G: I find it hard to believe that this kind of information could be ascertained simply by looking at a picture.
V: Would you like me to explain?
G: I would love to hear this.
J: So would I.
V: The car that made these two equal length tire marks had positraction, can't make those marks without positraction, which is not available on the 1964 Buick Skylark
G: And why not? What is positraction?
V: It's a limited slip deferential which distributes power equally to both the right and left tires. The '64 Skylark had a regular deferential, which anyone who's been stuck in the mud in Alabama knows, you step on the gas, one tire spins, the other tire does nothing.
Juror: That's right.
G: Is that it?
V: No, there's more, you see, when the left tire mark goes up on the curb, and the right tire mark stays flat and even, well, the '64 Skylark had a solid rear axle, so when the left tire would go up on the curb, the right tire would tilt out and ride along its edge, but that didn't happen here, the tire marks stayed flat and even. This car had an independent rear suspension. Now in the 60's there were only two other cars made in America that had positraction and independent rear suspension and enough power to make these marks. One was the Corvette, which could never be confused with the Buick Skylark. The other had the same body length, height, width, weight, wheel-base, and wheel-track as the 64 Skylark, and that was the 1963 Pontiac Tempest.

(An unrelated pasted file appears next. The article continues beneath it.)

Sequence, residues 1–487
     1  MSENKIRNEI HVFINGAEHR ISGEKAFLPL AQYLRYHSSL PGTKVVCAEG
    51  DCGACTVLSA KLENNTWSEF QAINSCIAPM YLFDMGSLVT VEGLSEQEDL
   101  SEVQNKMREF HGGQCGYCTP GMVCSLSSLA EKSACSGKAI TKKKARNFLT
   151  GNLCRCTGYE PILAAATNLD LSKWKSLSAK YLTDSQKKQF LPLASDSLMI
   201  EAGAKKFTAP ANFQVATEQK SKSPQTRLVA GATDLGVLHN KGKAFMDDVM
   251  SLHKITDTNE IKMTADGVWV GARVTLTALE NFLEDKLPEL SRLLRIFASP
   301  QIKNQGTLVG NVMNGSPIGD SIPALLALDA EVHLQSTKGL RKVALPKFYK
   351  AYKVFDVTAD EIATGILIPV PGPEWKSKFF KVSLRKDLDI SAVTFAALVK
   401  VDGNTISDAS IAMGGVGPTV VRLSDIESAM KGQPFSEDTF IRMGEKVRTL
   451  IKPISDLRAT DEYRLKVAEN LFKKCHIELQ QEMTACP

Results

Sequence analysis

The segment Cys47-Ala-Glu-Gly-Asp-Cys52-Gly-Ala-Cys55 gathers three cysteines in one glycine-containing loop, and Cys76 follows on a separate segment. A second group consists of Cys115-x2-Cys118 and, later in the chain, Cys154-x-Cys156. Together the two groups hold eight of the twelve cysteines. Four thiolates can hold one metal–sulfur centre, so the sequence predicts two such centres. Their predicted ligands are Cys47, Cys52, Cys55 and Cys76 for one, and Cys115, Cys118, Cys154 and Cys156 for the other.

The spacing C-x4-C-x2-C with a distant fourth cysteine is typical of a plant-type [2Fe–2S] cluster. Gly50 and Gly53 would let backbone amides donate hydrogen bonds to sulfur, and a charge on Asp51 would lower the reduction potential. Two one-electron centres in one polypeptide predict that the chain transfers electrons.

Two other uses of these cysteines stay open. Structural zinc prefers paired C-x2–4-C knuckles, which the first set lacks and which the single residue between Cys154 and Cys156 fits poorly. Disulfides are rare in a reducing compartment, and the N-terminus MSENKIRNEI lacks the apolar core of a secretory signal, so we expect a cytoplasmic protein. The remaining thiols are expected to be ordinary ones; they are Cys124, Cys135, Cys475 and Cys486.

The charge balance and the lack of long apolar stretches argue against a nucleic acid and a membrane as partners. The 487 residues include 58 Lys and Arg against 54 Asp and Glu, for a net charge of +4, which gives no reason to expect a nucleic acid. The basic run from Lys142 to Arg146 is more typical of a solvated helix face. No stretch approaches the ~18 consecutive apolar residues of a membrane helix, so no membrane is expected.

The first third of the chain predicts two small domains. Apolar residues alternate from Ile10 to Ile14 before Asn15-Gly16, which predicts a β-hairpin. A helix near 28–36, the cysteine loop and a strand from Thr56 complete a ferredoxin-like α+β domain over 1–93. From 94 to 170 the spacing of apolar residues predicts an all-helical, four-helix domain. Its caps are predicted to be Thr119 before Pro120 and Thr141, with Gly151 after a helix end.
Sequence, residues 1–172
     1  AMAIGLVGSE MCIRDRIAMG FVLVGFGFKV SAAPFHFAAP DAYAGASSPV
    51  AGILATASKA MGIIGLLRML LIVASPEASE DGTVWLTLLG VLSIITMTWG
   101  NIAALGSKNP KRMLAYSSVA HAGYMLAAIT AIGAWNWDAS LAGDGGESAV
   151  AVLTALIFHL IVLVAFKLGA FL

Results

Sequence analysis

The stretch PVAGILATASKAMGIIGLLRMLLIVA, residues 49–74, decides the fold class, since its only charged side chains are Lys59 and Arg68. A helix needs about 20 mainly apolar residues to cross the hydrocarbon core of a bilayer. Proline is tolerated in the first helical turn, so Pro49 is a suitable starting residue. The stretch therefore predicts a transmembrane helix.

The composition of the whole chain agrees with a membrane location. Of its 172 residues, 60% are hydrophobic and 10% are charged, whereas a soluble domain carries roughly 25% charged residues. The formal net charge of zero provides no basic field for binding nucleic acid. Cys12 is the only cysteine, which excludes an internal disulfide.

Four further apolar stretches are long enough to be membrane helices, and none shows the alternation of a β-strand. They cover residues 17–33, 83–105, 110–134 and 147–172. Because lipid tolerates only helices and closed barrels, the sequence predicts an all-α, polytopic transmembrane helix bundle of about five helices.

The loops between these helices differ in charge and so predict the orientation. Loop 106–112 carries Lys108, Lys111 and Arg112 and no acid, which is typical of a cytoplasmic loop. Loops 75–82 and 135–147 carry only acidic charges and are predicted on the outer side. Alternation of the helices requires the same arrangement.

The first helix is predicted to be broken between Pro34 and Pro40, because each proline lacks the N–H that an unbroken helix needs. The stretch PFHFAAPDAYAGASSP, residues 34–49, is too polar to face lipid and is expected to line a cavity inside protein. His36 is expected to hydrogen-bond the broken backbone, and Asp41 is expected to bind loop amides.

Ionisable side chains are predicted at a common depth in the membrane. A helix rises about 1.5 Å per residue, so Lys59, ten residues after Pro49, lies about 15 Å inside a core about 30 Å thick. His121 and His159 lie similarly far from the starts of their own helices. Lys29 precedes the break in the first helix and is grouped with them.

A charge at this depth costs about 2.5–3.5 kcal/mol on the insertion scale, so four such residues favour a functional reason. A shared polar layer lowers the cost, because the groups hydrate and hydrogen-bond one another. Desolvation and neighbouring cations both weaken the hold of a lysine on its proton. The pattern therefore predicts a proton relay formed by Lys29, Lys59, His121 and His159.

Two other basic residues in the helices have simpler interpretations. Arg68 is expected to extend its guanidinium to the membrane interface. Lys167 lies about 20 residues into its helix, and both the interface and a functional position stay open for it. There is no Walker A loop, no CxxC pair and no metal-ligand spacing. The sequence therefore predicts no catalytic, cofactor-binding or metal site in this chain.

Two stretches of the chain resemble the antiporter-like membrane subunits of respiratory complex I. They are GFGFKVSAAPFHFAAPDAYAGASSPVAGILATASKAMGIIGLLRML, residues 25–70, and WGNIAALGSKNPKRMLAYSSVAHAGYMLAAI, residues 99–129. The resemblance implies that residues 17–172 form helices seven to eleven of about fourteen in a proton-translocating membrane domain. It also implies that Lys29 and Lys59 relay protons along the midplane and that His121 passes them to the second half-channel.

G: And because both cars were made by GM, were both cars available in metallic mint green paint?
V: They were.
G: Thank you Miss Vito, No more questions. Thank you very, very much. You've been a lovely, lovely witness.
DF ATTY (inquiring into qualifications of Plaintiff's expert): Good morning doctor. Dr. Thompson, just so the jury knows, you never treated Deborah Ann Kay, is that correct?
A: Yes, that's correct. I was engaged to render an opinion.
Q: Engaged to render an opinion, for a price. That is correct, you are being paid to be here?
A: Just as you are sir.
Q: Are you board certified in Anesthesiology?
A: No, I'm not. It's quite common in New York State to practice. . .
Q: Yes, I'm quite sure it is, but this is Massachusetts. Are you board certified in Internal Medicine?
A: No. I'm just an M.D.
Q: Do you know Dr. Robert Towler? [the defendant accused of malpractice]
A: I know of him.
Q: How is that?
A: Through his book.
Q: What book is that?
A: Methodology and Practice in Anesthesiology.
Q: How old are you doctor?
A: I'm seventy-four (74) years old.
Q: Do you still practice a lot of medicine?
A: I'm on the staff of . . . .
Q: Yes, yes, I've heard that, but you do testify quite a bit against other physicians. Isn't that correct? You are available for that so long as you're paid to be there?
A: Sir, yes. So long as a thing is wrong, I am available. I am seventy-four (74) years old, I'm not board certified, I've been practicing medicine for forty-six (46) years and I know when an injustice has been done.
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